University of Nottingham’s FLAC project makes fuel efficient 3D printed car components

The University of Nottingham are researching the use of additive manufacturing in the automotive industry. The project is called Functional Lattices for Automotive Components (FLAC). The objective is to use 3D printing to create more fuel efficient auto mobiles while also improving their performance.

The project has been funded by a £368,286 ($452,918) grant from Innovate UK. The British government’s innovation agency which backs projects that use advanced technology like additive manufacturing. Recently, Innovate UK have funded projects including the 1000mph Bloodhound supersonic car and have also just announced they will be funding British companies who are incorporating 3D designing into their businesses.

The FLAC project will be a three-year long process and thus will likely be relocating its work to Nottingham’s new Institute for Advanced Manufacturing building when it completes construction at the end of this year.

Render of the New Institute. Image via: Nottingham Post
Render of the New Institute. Image via: Nottingham Post

Engineers on the FLAC project will be using Selective Laser Melting (SLM) which is also known as Direct Metal Laser Sintering (DMLS). By using this technique, they will be able to create complex metal lattice structures that provide strength yet reduce weight with less density. This, in comparison with traditional techniques, is beneficial as it will reduce waste with less materials used and the reduction in the need for milling.

Through advancing individual components such as “brake calipers, heat sinks for LED headlights and power train sub-systems,” the FLAC project will aim to reduce weight in car parts by 40-80%. This is important as the automotive industry continues to implement carbon reducing strategies.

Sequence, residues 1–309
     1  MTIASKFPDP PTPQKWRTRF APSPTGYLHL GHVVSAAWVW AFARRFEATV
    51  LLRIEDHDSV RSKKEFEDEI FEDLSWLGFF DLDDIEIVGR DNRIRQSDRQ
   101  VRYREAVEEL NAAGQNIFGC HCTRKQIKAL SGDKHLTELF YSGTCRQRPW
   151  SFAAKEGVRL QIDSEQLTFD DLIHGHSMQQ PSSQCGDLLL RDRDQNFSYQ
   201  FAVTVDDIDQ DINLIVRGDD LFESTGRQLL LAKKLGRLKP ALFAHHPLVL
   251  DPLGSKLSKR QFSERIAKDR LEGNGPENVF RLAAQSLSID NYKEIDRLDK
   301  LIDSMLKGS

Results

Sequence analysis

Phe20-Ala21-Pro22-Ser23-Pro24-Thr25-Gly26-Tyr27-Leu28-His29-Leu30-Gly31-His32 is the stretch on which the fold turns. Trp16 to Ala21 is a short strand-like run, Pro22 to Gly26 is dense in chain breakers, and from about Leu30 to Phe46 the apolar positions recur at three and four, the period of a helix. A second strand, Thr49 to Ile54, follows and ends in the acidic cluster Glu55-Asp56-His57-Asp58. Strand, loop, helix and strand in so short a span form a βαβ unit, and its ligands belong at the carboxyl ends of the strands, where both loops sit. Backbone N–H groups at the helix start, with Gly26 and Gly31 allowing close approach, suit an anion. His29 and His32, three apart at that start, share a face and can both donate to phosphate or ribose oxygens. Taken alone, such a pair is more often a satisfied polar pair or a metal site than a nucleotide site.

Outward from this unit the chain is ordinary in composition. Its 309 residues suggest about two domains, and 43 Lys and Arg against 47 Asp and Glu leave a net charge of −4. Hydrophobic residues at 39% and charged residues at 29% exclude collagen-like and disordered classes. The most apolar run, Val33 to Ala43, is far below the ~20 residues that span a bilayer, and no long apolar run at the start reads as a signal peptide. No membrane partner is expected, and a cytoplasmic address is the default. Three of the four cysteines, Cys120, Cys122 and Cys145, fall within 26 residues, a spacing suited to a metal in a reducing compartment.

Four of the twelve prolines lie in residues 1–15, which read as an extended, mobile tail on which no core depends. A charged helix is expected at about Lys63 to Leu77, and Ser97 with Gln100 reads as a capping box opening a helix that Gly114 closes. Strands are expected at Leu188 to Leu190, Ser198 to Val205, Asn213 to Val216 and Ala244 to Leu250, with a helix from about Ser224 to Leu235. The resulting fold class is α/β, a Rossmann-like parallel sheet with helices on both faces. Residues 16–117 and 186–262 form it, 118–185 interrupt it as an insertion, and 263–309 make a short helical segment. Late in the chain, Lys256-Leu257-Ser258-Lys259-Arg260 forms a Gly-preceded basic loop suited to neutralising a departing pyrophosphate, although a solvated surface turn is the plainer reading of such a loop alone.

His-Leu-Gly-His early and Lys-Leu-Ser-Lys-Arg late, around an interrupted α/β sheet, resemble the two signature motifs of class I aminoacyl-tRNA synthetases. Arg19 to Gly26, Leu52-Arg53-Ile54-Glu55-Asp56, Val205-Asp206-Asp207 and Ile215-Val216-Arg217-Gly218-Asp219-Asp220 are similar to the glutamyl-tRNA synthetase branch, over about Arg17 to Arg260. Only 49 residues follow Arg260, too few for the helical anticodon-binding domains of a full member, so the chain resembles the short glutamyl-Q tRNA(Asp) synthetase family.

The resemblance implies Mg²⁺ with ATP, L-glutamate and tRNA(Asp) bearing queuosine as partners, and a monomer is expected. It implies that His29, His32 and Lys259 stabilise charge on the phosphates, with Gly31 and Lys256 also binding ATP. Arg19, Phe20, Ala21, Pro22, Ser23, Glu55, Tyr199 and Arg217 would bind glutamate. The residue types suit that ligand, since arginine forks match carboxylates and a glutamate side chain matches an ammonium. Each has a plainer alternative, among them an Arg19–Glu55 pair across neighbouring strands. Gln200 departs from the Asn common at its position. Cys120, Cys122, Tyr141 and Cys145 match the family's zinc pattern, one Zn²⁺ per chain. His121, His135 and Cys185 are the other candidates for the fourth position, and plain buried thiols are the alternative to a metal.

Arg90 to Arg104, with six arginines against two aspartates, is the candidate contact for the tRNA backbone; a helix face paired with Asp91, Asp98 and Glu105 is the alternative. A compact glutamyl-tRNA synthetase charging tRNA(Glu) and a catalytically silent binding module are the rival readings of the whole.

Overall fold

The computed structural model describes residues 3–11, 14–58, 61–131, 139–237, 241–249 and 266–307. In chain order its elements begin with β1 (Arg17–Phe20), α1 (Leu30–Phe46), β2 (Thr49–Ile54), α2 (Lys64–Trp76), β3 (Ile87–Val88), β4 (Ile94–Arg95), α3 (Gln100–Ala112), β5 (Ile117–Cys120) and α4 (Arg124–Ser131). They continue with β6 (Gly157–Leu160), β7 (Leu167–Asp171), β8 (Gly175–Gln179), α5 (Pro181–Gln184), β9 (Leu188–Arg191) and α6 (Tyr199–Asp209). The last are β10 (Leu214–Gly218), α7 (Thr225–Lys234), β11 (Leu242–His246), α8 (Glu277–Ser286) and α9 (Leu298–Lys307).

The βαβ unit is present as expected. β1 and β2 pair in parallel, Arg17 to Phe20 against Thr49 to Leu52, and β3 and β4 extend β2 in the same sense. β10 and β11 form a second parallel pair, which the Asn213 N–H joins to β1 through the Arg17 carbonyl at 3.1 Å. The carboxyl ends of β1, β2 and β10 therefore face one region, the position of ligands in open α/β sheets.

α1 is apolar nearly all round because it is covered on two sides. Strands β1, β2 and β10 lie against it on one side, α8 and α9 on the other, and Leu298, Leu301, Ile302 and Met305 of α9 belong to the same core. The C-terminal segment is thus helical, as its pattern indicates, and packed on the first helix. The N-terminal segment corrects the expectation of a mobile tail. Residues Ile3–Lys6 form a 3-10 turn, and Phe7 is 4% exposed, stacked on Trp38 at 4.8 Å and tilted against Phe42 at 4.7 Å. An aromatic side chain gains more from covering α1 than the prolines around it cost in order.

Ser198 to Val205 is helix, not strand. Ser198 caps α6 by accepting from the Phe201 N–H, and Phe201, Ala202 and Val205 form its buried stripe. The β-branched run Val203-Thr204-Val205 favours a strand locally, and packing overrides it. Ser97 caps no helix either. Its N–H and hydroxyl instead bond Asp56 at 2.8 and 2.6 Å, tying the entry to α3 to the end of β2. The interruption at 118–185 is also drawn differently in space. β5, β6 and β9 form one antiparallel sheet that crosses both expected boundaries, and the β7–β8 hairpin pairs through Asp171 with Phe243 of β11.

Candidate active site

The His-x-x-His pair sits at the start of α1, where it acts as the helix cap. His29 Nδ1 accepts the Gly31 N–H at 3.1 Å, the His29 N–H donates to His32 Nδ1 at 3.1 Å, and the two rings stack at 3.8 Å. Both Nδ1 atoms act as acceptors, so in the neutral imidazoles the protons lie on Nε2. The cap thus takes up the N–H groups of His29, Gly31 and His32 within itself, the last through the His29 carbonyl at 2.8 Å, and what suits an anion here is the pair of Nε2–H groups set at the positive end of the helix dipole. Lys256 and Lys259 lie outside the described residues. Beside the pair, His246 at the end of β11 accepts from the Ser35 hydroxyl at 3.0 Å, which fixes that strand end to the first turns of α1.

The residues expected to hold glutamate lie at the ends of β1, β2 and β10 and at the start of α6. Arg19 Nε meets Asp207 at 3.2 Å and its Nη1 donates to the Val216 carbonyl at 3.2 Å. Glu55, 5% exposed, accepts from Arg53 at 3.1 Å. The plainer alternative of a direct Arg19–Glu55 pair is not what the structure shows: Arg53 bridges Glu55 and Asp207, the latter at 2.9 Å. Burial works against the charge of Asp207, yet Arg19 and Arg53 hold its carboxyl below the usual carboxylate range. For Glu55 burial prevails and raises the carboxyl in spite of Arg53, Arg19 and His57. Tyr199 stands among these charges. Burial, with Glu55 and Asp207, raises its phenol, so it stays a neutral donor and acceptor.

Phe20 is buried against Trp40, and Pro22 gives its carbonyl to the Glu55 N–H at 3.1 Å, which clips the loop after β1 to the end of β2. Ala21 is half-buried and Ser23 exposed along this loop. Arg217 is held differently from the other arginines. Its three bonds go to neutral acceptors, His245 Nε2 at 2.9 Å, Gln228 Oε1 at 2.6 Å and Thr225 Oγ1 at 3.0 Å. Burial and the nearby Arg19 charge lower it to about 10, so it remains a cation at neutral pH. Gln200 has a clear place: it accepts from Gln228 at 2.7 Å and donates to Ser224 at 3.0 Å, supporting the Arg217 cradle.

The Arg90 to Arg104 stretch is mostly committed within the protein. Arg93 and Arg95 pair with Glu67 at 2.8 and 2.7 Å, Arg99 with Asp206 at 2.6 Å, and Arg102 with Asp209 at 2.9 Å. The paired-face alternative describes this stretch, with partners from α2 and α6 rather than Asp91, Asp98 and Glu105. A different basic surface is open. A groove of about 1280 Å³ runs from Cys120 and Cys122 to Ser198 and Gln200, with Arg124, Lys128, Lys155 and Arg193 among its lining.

FLAC project lead, Professor Chris Tuck from the Additive Manufacturing and 3D Printing Research Group, explains how this will affect UK businesses,

FLAC will benefit UK automotive companies, increasing their competitiveness by allowing them to adopt innovative routes for the design and manufacture of lightweight on-vehicle componentry, with shorter lead times and lower costs than are presently available.

A TPMS lattice developed during the project. Image via The University of Nottingham.
A triply periodic minimal surface lattice developed during the project. Image via The University of Nottingham.

Increased performance

Not only will additive manufacturing reduce weight through the parts created, it also creates new possibilities to increase performance of parts in comparison to traditional subtractive manufacturing processes. Allowing for components to be produced with extra complexities such as hollow ducts that increase airflow. This would not be possible with traditional techniques that rely upon milling blocks of metal. By adding the components in layers, the process is able to introduce complex lattice structures.

Results of the project

The University of Nottingham explains that immediate benefactors of the FLAC project will be in the luxury car market and in advanced motorsport. In the future such techniques, as they advance and become more cost-effective, will be incorporated on a larger scale. The UK car manufacturing industry is particularly important as Professor Chris Tuck explains,

The automotive sector is one of the UK’s leading export sectors by value, representing around 6.3 per cent of all UK exports. Successful delivery of FLAC’s portfolio will enhance the R&D leadership in the key automotive technologies, and strengthen the UK automotive supply chain, resulting in increased revenues to the UK economy and government.

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Featured image shows An example of a triply periodic minimal surface lattice structure developed during the FLAC project. Image via The University of Nottingham.